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Author Topic: Phase One 45mm f/3.5 TS  (Read 23998 times)
Mort54
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« Reply #60 on: September 04, 2008, 11:34:45 AM »
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Well what I have seen from the 80mm and from the new 150mm lens I would say they are not OK lenses, I think they are really good.
I specifically said the new lenses were much nicer.
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free1000
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« Reply #61 on: September 04, 2008, 01:07:49 PM »
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Nothing beats the technical or mechanical design of the Hartblei!!! No canon, nikon or other has te same movements. It are the only lenses that have full 360 degrees tilt and schift rotation independent from eachother. No other lens can do that Canon is always fixed at 90 degrees for example

Absolutely right, the mechanical design is spot on. Its only the glass that lets it down.

Every design has its compromises though and the Hartblei certainly has. Given the choice though I would choose the Hartblei mechanical movements over my three Canon TS lenses.

(BTW : The 'look' is certainly Sputnik. But then the Russian space program beat the US into space didn't it!  Nasa spent millions developing a ball point pen that could write in zero gravity... the Russians gave their cosmonauts pencils. I appreciate such a simple design principle).
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ixpressraf
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« Reply #62 on: September 04, 2008, 01:53:05 PM »
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I was lucky to test a lot of hartblei lenses and kept the ones that were best. I had two perfect 35mm SR lenses but one got dammaged when hitting the concrete floor) and two perfect 85mm for nikon /canon mount. I also have a extremely good 45 mm but had several bad ones before i found the wright one.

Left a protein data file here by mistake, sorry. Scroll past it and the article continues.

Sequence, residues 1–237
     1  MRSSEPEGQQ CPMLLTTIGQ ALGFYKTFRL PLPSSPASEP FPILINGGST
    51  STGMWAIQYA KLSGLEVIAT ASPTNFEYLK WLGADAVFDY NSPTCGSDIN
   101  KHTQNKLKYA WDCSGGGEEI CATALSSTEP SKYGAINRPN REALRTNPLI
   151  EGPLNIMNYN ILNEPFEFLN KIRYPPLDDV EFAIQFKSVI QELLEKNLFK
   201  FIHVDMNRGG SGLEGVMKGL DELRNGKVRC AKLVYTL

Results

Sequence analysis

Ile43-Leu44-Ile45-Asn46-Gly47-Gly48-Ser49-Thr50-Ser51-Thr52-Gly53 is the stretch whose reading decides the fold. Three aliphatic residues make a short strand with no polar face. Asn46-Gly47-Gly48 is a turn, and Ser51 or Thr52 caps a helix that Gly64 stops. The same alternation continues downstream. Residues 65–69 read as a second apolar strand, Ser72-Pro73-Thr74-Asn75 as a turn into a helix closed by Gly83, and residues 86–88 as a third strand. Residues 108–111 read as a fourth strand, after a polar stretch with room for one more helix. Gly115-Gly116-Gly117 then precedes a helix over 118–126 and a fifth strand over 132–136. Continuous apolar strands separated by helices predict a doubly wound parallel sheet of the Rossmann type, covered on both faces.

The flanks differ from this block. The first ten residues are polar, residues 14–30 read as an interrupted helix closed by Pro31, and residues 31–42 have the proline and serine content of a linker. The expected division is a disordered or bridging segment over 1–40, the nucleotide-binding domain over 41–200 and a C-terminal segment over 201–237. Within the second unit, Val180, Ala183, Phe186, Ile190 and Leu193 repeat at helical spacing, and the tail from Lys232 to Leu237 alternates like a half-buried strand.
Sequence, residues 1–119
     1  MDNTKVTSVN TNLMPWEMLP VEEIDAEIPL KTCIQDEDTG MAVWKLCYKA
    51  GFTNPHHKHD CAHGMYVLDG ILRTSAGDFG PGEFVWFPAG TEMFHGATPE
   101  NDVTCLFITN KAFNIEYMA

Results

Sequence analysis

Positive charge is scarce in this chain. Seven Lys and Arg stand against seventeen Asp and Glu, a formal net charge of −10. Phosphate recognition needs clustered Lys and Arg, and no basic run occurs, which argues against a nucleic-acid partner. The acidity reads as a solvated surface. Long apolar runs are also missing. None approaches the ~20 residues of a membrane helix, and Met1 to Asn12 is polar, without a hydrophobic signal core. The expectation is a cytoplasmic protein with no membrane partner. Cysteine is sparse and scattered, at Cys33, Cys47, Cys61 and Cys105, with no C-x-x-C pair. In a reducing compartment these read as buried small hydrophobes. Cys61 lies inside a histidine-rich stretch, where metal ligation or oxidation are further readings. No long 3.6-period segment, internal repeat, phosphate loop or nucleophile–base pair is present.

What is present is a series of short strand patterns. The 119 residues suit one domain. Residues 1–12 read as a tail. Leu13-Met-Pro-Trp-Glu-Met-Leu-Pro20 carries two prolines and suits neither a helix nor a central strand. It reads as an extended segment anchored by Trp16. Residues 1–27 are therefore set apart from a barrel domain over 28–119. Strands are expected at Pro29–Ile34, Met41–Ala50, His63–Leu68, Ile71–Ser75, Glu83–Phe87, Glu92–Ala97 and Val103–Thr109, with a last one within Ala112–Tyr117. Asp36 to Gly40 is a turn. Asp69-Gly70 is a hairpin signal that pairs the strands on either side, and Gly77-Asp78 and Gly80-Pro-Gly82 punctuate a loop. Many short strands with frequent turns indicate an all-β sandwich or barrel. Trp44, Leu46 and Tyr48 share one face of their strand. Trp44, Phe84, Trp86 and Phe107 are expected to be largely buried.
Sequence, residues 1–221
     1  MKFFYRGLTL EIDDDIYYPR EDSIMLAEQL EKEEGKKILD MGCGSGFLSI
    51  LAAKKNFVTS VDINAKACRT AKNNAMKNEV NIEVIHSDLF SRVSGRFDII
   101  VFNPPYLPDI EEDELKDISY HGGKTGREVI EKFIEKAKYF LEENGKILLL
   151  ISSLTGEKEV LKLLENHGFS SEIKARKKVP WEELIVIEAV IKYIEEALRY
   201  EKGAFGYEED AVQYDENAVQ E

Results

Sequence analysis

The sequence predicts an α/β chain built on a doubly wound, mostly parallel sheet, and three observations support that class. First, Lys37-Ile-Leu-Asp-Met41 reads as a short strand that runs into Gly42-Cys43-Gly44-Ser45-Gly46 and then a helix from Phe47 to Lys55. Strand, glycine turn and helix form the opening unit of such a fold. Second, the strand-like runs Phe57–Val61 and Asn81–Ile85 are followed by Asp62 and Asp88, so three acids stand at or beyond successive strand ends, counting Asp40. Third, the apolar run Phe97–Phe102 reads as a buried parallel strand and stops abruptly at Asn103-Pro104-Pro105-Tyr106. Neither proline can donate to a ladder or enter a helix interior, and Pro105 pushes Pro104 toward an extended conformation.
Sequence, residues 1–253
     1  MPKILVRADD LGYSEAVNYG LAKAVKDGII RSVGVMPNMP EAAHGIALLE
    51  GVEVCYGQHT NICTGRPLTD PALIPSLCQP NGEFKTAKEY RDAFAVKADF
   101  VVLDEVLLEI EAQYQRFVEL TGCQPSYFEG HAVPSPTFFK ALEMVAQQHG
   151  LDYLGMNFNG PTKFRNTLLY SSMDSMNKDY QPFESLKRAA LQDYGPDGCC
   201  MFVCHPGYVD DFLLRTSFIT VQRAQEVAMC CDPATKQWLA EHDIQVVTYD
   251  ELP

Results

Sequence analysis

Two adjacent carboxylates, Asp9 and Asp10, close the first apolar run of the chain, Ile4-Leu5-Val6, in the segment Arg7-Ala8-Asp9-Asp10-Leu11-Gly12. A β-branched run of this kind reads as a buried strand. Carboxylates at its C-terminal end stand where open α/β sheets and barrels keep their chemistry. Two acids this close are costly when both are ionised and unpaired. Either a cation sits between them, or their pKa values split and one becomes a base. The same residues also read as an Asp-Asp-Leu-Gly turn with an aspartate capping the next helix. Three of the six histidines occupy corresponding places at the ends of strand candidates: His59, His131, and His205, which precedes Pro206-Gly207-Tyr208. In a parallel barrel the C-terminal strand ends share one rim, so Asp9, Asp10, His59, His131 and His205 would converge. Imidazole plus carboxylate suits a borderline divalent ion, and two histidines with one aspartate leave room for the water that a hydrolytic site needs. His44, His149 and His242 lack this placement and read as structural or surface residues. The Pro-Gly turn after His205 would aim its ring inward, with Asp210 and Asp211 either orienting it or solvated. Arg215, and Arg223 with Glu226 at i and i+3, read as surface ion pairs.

This photo is with a 45mm on a mamamiya.
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LightMiner
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« Reply #63 on: November 20, 2008, 07:31:24 PM »
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Okay, a couple of things.  First, there is a really good chance this will be Zeiss glass.  Which will make most of the comments on this board irrelevant!  Of course if it is just a rebadged Hartblei then they would be deserving...


However, in trying to figure that out, and in following a link from above where Hartblei talks about using Zeiss glass in their lense bodies, it lists a 40, not a 45.

http://www.hartblei.eu/en/sr40if.htm

I would much prefer a 40 over 45!  Although 45 is okay.  50 is too narrow for much of what I do.  I might end up with that one straight from Hartblei if it gets good reviews.  So, like people say, we'll see!

In general though, I think people are forgetting one thing in talking about cost and these MF systems.  Film!  The price of a whole PO or AFDIII is quite cheap with several lenses when used with a film back.  As I do landscape and my # of shots per year is very low (I do sell images but have a non-photo day job as well), I am a very very happy Mamiya user and my cost per image is great!  The quality and size of enlargements I can do is incredible for the prices I've paid for the equipment.

Oh - and even the older MF glass, not the really old stuff, but the lenses that are pre-2008 are considered extremely competitive with Zeiss and Hassy from everything I've read from people how have actually used both.  There is an article on this site where they test several MFDBs and the Mamiya glass was used right with the Hassy/Zeiss and the zoom lens was considered the equal of the Hassy zoom equivalent.  Find that article for more info...  Anyway, not trying to start a lense-war here, but just to say there are *many* who think that Mamiya glass is just a hair or two short of the Zeiss/Hassy equivalents (versus being 10 feet under them).
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LightMiner